Type 2 diabetes and pre-diabetes (previously called “borderline diabetes”) are occurring in ever increasing numbers in the general population and more specifically in Native Americans.  Both conditions occur when the blood glucose (sugar level) is elevated. Both can cause significant damage such as blindness, kidney failure, amputations, heart attacks and strokes.  These conditions are very treatable if found early, so it’s very important that everyone who has diabetes know it and get proper treatment.
    •    Sometimes the high blood sugars will cause symptoms:
    •    blurred vision
    •    frequent urination (especially at night)
    •    increased thirst/hunger
    •    irritability
    •    fatigue
    •    slow healing cuts or infections
 
You should certainly be checked for diabetes if these symptoms are present. However many people with diabetes or pre-diabetes have no symptoms at all and can go for months or years before the diagnosis is made. Because of this, it’s also important to be screened if you have certain factors that are known to cause  increased risk.

These risk factors include:
Age 45 or older
Overweight (Body mass index 25 or higher)
Known diabetes in family members (a parent, child, brother or sister).
Certain ethnic backgrounds such as Native American, African American, Hispanic
Previous history of gestational diabetes (high blood sugar during pregnancy) or history of having large babies
High blood pressure
High triglycerides (one of the fats in blood)
Having polycystic ovary syndrome (PCOS).


There are three different ways to be screened for diabetes or pre-diabetes. Each test has its advantages and disadvantages depending on individual circumstances:


1. Fasting blood glucose.  Here a blood sample is drawn after you’ve gone without food overnight.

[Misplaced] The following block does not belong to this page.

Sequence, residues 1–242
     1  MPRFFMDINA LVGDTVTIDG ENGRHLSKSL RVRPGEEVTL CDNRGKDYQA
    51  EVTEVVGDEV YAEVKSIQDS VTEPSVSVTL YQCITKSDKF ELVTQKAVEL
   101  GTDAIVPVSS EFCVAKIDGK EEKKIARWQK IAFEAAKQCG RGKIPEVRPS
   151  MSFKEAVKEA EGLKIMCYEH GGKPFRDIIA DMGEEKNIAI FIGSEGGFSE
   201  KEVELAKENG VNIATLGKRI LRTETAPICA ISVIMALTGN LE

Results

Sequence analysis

2. Oral glucose tolerance test (OGTT).  This test includes drinking a certain amount of sugar water (also after going without food overnight).  A blood test is drawn 2 hours later.
3. Hemoglobin A1c.  This test has been around for many years and is traditionally used to determine whether known diabetics are controlling their blood sugar.  It has only recently been found to be useful as a way to diagnose diabetes.  The test involves only a single blood level and can be done at any time and under any conditions.


Sometimes a friend or family member will check a finger-stick blood sugar and find it to be too high. In these cases, it’s always important to have one of the above tests to confirm the diagnosis.

If the test indicates diabetes, you should meet with your medical provider to begin appropriate changes in diet, activity and maybe start medications to control the high readings.  This will greatly lower the chances of developing complications (damage). If the test shows pre-diabetes, you can actually lower your risk of becoming diabetic in the future with these measures.

Finding the condition early is important and proper screening is the key.
The Diabetes Wellness Center can answer questions or provide further information.
Also the American Diabetes Association website at http://www.diabetes.org/ has useful information on this subject.